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Motsoaledi challenges liquor, tobacco industries

Non-smokers may appreciate tighter smoking laws but smokers and a local liquor association are not happy about the proposed rules.

Non-smokers may appreciate tighter smoking laws but smokers and a local liquor association are not happy about the proposed rules.

Published Mar 8, 2013


Durban - Health Minister Dr Aaron Motsoaledi is ready to take on the liquor and tobacco industries as he forges ahead with plans to ban alcohol advertising and introduce more stringent smoking regulations.

The minister said on Thursday that he was aware he was going to be told by his detractors that “jobs will be lost”.

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Some critics of a new bill the minister is pushing for have said banning alcohol advertising would have a negative effect on the economy.

However, Motsoaledi said during the launch of a health campaign in uMlazi that the government was ready to publish the bill, which would be released for public comment before being promulgated into law.

Motsoaledi acknowledged that the liquor industry contributed R19 billion to the economy each year, but said the adverse effects of alcohol were more costly.

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“Nobody is saying anything about what alcohol is taking from this country,” he said.

“The country spends R39bn trying to reverse the adverse effects of alcohol. Show me any person who buys oranges for R39 and sells them for R19 and I will call a psychiatrist.

“In health and social development, that is where we suffer the most.”

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Motsoaledi said alcohol has been found to be a contributing factor in the majority of road accidents in South Africa.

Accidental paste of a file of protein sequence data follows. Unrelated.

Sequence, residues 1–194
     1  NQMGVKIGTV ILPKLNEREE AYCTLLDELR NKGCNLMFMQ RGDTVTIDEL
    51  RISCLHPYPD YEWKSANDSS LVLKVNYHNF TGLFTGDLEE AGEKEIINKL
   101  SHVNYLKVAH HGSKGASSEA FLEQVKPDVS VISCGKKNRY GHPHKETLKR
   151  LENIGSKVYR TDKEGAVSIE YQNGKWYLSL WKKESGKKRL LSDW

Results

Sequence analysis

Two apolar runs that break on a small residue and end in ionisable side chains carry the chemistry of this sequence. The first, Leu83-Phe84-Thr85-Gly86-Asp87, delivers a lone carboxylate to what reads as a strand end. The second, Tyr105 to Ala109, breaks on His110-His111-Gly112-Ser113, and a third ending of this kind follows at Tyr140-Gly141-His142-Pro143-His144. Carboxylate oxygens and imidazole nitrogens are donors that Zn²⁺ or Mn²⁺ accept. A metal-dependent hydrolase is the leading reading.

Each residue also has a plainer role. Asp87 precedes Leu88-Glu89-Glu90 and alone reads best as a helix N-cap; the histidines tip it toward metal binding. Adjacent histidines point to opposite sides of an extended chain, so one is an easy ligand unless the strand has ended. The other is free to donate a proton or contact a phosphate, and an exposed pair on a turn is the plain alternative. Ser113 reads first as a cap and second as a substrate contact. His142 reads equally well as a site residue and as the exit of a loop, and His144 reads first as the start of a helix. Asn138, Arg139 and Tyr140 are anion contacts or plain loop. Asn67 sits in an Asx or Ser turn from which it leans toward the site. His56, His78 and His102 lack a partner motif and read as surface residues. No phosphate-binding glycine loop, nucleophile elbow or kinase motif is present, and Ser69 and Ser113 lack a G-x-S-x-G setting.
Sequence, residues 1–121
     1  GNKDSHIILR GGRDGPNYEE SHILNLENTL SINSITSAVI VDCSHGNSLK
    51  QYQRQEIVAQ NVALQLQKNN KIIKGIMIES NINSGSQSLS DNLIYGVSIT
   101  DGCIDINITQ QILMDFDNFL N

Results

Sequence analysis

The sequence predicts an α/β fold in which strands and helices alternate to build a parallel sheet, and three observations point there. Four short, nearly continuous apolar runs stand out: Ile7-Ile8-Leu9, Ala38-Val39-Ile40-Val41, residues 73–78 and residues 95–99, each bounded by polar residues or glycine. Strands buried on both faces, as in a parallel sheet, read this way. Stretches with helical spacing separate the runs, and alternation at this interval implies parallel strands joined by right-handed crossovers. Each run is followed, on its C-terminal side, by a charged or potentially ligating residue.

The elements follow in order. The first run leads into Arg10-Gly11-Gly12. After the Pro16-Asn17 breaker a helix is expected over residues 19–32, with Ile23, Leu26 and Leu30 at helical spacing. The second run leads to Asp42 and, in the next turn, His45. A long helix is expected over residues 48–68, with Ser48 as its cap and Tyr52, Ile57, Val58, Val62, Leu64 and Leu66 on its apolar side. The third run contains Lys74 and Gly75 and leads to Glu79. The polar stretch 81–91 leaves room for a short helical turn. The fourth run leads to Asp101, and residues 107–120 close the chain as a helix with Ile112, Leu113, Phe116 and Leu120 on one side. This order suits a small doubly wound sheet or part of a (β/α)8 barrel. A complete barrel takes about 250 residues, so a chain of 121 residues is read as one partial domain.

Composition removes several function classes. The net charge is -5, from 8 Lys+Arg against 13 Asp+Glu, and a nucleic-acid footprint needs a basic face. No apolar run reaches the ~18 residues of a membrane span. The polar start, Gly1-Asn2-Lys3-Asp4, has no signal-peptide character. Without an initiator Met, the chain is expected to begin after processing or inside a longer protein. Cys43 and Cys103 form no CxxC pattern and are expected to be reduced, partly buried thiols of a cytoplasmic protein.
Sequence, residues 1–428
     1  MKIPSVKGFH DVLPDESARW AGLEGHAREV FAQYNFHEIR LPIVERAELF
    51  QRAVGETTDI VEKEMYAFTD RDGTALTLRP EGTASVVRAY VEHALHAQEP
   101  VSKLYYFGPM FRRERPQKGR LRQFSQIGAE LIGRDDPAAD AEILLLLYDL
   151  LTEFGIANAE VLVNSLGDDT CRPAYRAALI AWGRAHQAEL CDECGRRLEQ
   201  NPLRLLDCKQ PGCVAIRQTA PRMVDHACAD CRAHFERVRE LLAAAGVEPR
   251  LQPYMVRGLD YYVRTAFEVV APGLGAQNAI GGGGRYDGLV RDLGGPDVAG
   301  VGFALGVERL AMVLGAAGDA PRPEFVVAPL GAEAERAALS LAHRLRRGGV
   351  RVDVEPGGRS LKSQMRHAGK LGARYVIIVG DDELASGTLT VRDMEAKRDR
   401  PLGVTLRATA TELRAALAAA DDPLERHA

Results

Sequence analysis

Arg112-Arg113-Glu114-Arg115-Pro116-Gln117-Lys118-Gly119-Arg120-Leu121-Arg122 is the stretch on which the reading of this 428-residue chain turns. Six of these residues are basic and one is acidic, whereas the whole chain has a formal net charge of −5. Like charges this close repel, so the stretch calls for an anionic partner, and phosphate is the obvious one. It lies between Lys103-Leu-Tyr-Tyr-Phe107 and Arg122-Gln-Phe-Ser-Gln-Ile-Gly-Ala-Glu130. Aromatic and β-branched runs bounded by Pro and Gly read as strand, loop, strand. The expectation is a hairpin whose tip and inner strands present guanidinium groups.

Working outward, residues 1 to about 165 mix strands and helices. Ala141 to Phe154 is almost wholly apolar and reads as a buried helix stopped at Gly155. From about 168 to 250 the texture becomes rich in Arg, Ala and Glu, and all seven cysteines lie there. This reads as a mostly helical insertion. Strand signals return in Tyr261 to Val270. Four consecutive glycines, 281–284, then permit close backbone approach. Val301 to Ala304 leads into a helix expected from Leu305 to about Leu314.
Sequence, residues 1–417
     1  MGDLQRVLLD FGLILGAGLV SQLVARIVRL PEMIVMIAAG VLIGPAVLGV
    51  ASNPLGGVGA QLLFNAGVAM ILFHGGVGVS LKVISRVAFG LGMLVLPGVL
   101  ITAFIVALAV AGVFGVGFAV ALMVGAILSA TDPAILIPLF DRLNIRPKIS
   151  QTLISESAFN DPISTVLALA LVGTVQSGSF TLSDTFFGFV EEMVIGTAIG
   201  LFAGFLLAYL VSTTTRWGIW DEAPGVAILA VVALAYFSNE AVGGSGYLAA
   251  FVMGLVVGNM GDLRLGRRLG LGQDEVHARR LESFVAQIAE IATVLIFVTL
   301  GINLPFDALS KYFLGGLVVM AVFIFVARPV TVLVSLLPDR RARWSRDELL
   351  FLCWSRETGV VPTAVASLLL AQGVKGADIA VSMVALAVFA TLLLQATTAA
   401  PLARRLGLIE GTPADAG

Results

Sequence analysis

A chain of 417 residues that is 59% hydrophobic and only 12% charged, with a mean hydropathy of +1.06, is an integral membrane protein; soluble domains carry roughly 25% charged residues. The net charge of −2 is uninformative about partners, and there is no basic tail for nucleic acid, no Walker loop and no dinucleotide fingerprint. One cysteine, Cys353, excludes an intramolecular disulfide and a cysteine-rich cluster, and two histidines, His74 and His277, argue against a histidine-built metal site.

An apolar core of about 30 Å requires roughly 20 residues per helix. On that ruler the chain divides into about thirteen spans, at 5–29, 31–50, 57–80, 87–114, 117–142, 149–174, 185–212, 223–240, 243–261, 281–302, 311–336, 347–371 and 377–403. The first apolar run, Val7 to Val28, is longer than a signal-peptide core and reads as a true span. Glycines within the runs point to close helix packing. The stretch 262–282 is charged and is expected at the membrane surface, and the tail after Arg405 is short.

For every person killed in a car accident, an average of eight more were hospitalised, he said.

Motsoaledi added that alcohol had also been linked to crime and violence.

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“What about the slaughter of women and children which sometimes is fuelled by drugs and alcohol?”

He dismissed arguments that banning alcohol advertising would hurt sport, because sport sponsorship would also be affected.

In fact, he said, associating healthy and successful sportsmen with alcohol was “fraudulent”.

“Show me a sportsman who is a star because of alcohol. No one can stand here and say: ‘I am sportsman of the year or I scored so many goals thanks to alcohol,’” said Motsoaledi.

“But they (advertisers) use these sportsmen, so such advertising is fraudulent… If you take (swimming champion) Chad le Clos and feed him whisky, he will drown in that pool.”

On the ban hurting the economy, he said similar arguments were advanced before former health minister Dr Nkosazana Dlamini Zuma banned tobacco advertising in 1998.

“Dlamini Zuma saved us,” he said. “Very powerful people approached (then) president Nelson Mandela saying the economy would collapse.”

He said alcohol was destroying lives and careers.

Motsoaledi is also planning to introduce new stringent laws to regulate smoking and the sale of tobacco.

Part of the regulations, which have already been put out for public comment, state that cigarettes or tobacco products should not be displayed by shops.

The government also wants to


* Ban smoking within 10m of entrances and ventilation facilities of any public building.

* Make all buildings smoke-free zones.

* Ban smoking at beaches, schools, stadiums, as well as in outdoor eating and drinking areas.

The new laws would place South Africa on par with some Western countries.

Motsoaledi, who quit smoking 30 years ago, said: “Smoking is one of the most stupid things that mankind has ever engaged in. No one can talk of any benefits of smoking. Why do we go on with such a useless pastime?”

According to the South African tobacco industry, there are 7.7 million adult smokers in South Africa.

But the industry says consumption of legal tobacco products has declined by 30 percent over the past 10 years.

About 2 500 people are employed in the tobacco manufacturing industry, which churns out about 30 billion cigarette sticks for local consumption and export.

A further 170 farmers and 8 000 farm workers are involved in tobacco farming.

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